New Study: No 'Epidemic' of Teen Oral Sex

Is it true, as Oprah Winfrey said in 2003, that there is an "oral-sex epidemic" among America's teenagers? Ever since stories emerged in The New York Times and USA Today about the supposed occurrence of "rainbow parties," at which girls put on different shades of lipstick and give oral sex to a group of boys (producing the "rainbow"), there has been an acute interest in and questions about the sexual behavior of teens. But despite all the concerns, no one seemed to ask if the epidemic really existed. Researchers from the Guttmacher Institute have done the first national study of teenagers and noncoital sexual activity and have found that while over half of 15-to-19-year-olds have engaged in oral sex, they do not appear to be substituting oral sex for intercourse, nor are they commonly having oral sex with multiple partners. NEWSWEEK's Raina Kelley spoke to study coauthor Rachel Jones about why the myth has persisted.

NEWSWEEK: Precisely what did your study find?
Rachel Jones: Contrary to popular perception, large numbers of teens are not substituting oral sex [or anal sex] for vaginal sex [in order to] maintain their technical virginity.

What was the impetus to do this study?
There seemed to be all these media reports sensationalizing rapidly rising rates of oral sex among adolescents ... so we wanted to look at the numbers to see if it was actually true.

Why did the public think teenagers were substituting noncoital sexual activity for vaginal sex? Were they, in fact, simply having this kind of sexual activity in larger numbers?
We really think it was just because of these anecdotal media reports--it [so-called rainbow parties] does occur; but it's not as common as we think. If we hear that some teens are doing it, people start to think that all teens are doing it.

Do you think that pressure to stay abstinent created an atmosphere where we believed teens' sexual patterns had changed in response?
All we basically had were anecdotal reports and studies going back a couple of decades showing that teens believed that you could have anal sex and still be a virgin when you get married. In my experience doing this kind of research, the idea of abstinence and teenage sexuality is something that naturally gets sensationalized. And adults tend to pay more attention to the anecdotes rather than the facts.

Who did you survey to get your results?
We looked at the government's National Survey of Family Growth from 2002. It is the first and only nationally representative study of sex among male and female adolescents. It looked at 2,271 females and males aged 15-19. In earlier research, studies of oral sex among teens tended to be within one gender or one school or one school district or a convenient sample [such as a health clinic or after-school group].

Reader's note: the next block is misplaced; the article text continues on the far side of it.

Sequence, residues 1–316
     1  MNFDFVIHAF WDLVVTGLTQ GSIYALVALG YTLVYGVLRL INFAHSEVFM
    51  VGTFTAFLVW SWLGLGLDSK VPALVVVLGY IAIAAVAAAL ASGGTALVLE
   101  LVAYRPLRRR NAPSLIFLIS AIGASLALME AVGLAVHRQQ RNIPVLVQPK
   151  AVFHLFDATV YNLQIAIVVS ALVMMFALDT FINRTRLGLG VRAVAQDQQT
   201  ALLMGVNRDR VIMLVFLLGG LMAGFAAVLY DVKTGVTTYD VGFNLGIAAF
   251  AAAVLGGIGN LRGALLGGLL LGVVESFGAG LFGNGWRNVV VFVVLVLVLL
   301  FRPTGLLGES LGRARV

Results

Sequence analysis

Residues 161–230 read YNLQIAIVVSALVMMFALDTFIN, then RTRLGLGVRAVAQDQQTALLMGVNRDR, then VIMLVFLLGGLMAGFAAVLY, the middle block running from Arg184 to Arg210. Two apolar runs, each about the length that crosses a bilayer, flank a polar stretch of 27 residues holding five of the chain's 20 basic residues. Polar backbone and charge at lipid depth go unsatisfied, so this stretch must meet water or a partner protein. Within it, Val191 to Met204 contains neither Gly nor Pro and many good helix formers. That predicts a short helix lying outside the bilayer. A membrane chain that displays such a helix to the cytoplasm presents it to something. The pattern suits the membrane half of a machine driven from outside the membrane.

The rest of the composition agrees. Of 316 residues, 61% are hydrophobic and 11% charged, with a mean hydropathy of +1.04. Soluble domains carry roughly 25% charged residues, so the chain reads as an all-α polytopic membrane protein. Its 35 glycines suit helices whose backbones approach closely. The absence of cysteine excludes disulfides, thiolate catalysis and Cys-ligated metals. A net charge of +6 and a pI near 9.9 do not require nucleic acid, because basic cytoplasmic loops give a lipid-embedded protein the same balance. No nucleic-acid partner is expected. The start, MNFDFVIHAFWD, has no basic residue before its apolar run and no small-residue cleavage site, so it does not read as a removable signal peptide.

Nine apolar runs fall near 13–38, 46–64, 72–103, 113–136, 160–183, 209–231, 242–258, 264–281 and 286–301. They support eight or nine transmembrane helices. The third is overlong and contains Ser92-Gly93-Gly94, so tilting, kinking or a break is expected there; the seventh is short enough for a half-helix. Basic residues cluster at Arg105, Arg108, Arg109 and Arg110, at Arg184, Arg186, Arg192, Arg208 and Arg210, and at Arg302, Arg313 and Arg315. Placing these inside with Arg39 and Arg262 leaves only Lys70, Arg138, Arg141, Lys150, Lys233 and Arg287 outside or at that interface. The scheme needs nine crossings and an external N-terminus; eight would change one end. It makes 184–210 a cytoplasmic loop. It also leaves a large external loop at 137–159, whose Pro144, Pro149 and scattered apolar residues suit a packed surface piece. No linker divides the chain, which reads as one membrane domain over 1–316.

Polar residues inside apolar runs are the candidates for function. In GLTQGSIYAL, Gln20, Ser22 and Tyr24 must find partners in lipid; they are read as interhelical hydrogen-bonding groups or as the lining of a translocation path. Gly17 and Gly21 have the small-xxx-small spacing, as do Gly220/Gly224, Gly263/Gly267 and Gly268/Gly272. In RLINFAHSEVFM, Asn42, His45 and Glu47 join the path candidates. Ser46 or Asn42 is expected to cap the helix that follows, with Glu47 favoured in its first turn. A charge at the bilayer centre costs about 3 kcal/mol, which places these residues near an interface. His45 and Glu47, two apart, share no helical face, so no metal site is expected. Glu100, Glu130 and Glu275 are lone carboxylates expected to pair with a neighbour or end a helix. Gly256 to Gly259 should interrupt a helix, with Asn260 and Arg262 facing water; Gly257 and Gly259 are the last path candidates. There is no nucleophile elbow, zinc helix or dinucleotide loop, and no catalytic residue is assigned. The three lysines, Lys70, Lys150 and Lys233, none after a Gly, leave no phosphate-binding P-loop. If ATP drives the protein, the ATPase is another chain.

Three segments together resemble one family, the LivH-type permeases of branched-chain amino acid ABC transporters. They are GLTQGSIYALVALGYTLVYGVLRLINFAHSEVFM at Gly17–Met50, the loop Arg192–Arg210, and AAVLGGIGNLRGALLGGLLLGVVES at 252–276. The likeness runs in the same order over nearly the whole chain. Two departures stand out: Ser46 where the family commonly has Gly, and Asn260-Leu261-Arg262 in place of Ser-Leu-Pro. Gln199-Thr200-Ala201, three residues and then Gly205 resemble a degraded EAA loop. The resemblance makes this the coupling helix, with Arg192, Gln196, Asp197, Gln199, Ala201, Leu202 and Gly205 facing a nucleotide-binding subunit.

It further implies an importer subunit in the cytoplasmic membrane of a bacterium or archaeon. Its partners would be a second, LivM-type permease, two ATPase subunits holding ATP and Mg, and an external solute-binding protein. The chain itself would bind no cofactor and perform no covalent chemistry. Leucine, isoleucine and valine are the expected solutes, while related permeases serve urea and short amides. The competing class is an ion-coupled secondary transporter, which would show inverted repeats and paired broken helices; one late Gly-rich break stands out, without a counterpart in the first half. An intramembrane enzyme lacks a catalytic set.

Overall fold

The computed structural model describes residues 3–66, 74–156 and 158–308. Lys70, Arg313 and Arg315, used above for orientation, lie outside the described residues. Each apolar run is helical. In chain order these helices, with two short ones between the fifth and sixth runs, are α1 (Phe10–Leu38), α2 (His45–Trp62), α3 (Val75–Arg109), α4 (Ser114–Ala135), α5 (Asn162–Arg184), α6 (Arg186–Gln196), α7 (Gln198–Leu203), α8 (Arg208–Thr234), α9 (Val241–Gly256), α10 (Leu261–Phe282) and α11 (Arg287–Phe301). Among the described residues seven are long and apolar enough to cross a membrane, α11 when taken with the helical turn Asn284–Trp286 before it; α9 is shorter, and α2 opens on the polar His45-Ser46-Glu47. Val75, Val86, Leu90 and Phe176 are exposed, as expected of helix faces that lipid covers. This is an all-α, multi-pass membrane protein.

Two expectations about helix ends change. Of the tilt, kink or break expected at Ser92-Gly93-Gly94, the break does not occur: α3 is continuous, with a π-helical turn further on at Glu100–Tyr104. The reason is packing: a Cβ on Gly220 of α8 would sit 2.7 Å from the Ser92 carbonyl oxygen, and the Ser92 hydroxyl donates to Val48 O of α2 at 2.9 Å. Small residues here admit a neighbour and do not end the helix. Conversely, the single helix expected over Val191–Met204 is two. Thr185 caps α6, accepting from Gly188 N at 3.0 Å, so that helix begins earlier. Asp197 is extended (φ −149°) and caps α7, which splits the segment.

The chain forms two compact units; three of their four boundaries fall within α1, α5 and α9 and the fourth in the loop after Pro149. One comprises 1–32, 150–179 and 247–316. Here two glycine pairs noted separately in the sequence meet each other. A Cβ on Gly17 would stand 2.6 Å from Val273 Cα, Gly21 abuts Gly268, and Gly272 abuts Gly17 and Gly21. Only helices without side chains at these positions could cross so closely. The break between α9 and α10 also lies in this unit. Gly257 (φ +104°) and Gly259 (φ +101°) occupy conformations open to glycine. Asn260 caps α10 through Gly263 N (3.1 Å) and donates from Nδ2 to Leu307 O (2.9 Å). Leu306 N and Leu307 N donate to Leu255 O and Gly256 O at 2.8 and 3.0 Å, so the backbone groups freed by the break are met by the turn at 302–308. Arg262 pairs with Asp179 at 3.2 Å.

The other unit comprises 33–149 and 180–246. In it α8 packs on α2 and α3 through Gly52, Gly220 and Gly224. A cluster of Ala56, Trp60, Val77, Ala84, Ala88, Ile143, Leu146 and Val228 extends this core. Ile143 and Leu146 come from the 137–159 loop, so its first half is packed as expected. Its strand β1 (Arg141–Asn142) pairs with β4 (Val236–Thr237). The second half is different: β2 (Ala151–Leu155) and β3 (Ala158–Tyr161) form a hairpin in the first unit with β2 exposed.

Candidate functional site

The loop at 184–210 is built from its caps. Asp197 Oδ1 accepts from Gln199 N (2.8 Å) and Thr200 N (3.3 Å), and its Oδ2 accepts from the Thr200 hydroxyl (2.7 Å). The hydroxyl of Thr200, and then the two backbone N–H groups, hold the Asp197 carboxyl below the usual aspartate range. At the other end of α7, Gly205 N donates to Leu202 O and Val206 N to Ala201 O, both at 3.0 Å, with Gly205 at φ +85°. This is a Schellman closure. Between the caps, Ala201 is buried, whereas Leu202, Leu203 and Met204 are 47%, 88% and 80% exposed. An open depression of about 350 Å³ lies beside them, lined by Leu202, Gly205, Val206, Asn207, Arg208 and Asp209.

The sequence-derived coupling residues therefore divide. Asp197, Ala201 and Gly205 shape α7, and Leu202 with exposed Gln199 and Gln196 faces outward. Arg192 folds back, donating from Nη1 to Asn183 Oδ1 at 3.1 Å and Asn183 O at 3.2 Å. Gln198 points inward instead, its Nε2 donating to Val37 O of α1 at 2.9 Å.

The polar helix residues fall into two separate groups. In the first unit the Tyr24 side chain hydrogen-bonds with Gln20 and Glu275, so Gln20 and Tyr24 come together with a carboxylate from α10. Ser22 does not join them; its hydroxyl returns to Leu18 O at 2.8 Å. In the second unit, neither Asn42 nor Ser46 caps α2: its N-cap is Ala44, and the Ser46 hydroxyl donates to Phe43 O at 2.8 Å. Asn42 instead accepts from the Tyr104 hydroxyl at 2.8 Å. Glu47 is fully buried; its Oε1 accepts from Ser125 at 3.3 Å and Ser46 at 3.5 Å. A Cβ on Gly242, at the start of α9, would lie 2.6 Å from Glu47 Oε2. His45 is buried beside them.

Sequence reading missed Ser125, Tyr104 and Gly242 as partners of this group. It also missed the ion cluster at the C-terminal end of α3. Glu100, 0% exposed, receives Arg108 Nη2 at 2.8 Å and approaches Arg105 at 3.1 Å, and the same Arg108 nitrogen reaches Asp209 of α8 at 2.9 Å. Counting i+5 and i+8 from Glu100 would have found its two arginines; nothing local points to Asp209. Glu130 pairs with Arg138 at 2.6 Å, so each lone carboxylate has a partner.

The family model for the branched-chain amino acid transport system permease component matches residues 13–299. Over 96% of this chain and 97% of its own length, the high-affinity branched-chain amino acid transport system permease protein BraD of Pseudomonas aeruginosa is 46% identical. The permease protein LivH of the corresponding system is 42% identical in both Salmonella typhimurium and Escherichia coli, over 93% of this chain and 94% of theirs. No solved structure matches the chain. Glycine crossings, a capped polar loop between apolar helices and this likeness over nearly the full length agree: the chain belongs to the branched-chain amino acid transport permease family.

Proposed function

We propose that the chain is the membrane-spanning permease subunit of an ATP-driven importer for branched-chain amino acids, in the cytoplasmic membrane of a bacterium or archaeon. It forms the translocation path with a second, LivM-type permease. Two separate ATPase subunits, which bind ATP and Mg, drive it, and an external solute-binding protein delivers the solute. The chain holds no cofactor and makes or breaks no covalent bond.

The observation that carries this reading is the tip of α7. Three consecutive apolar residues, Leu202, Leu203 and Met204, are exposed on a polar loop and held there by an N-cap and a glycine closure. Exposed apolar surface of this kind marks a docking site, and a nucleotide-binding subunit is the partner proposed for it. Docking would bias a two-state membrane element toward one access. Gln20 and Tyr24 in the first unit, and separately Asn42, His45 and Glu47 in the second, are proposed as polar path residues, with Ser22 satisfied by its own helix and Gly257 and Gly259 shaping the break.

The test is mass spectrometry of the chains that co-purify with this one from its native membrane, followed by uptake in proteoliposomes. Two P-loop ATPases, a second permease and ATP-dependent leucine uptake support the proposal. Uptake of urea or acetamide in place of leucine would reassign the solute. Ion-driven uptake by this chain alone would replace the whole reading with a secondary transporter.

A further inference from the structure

How well do you think these numbers from 2002 correlate with what's happening with teens now?
The government's National Survey of Family Growth from 2006 is being processed in this coming year. So I can't say; but if I had to make an educated guess, there probably hasn't been much change. We compared the numbers from 2002 to other studies going back to 1991, and the numbers have remained very consistent.

How truthful do you think these teens are and do you think using the computer-assisted self-administered interviews helped elicit more truthful answers?
As a social scientist, I think most people are honest under these kinds of circumstances--they have nothing to gain by lying, especially when the most sensitive questions [regarding age of onset and frequency of oral and anal sex and number of partners] were anonymous and confidential. Plus, the people that administer these tests are very skilled and sensitive about asking kids these kinds of questions without judgment.

How does your study show that kids aren't actually substituting noncoital sexual activity for vaginal sex?
We found that while 87 percent of nonvirgin teens have had oral sex, only 23 percent of virgins had. Plus we discovered that adolescents who disagreed with the statement that sex at 18 is OK were significantly less likely to have engaged in noncoital sex: they just weren't having the same amount of oral sex that sexually active teens were having.

You also found that most virgins who had oral sex have only had one sexual partner (and only 8 percent reporting four or more).
And that again suggests that teens aren't having serial oral sex. While adolescents who had engaged in both oral and vaginal sex were most likely to have four or more lifetime partners--which suggests that oral and vaginal sex are closely related in teens' minds and sexual history and we need to study that further.

You and your coauthor say that a better understanding of noncoital activities among teens is needed--why?
The most important reason is that 1 in 10 teenagers has had anal sex. That's not a sizable number, but it's still significant [though data shows little change in the numbers of teens participating in anal sex since 1991], they need to understand the risks of sexually transmitted diseases that go along with this kind of behavior and the risks related to all noncoital sexual activity. It's important to know for a fact what teens are doing so we can adequately prepare them to protect themselves from STDs.

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